Mission Santa Cruz, established in 1791 and completed in 1794, was destroyed by an earthquake in 1857, but a smaller-scale replica was erected in 1931.

Geography[edit | edit source]

According to the 2011 census, the county has a total area of 445.17 miles.[3] Of California's counties, only San Francisco is physically smaller.

The county is a strip about ten miles (16 km) wide between the coast and the crest of the Santa Cruz Mountains at the northern end of the Monterey Bay. It can be divided roughly into four regions: the rugged "north coast"; the urban City of Santa Cruz, Soquel, Capitola, and Aptos; mountainous Bonny Doon, San Lorenzo River Valley; and fertile "south county", including Watsonville and Corralitos. Agriculture is concentrated in the coastal lowlands of the county's northern and southern ends. Most of the coastline is flanked by cliffs.

Cities and towns[edit | edit source]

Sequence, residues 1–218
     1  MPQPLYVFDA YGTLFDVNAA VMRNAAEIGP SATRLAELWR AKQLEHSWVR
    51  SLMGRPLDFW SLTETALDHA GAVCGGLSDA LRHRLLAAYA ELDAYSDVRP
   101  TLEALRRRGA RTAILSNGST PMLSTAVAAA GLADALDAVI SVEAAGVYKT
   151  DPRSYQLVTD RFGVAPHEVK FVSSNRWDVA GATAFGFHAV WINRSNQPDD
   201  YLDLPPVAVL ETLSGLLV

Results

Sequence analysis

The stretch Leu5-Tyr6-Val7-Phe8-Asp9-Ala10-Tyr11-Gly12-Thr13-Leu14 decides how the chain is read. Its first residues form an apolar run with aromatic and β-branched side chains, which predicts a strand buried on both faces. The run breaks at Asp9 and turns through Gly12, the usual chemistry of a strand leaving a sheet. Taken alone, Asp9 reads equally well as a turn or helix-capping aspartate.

Incorporated Cities:

Non-incorporated Towns and Communities:

Adjacent counties[edit | edit source]

Transportation infrastructure[edit | edit source]

Major highways[edit | edit source]

County routes[edit | edit source]

Public transportation[edit | edit source]

Santa Cruz County is served by the Santa Cruz Metropolitan Transit District bus system. A "Highway 17 Express" bus between Santa Cruz and San Jose is jointly operated by the SCMTD and the Santa Clara Valley Transportation Authority. Greyhound Lines bus service also serves Santa Cruz County.

Airports[edit | edit source]

Watsonville Municipal Airport is a public general aviation airport. There are two air carriers based at the airport offering on-demand air charter: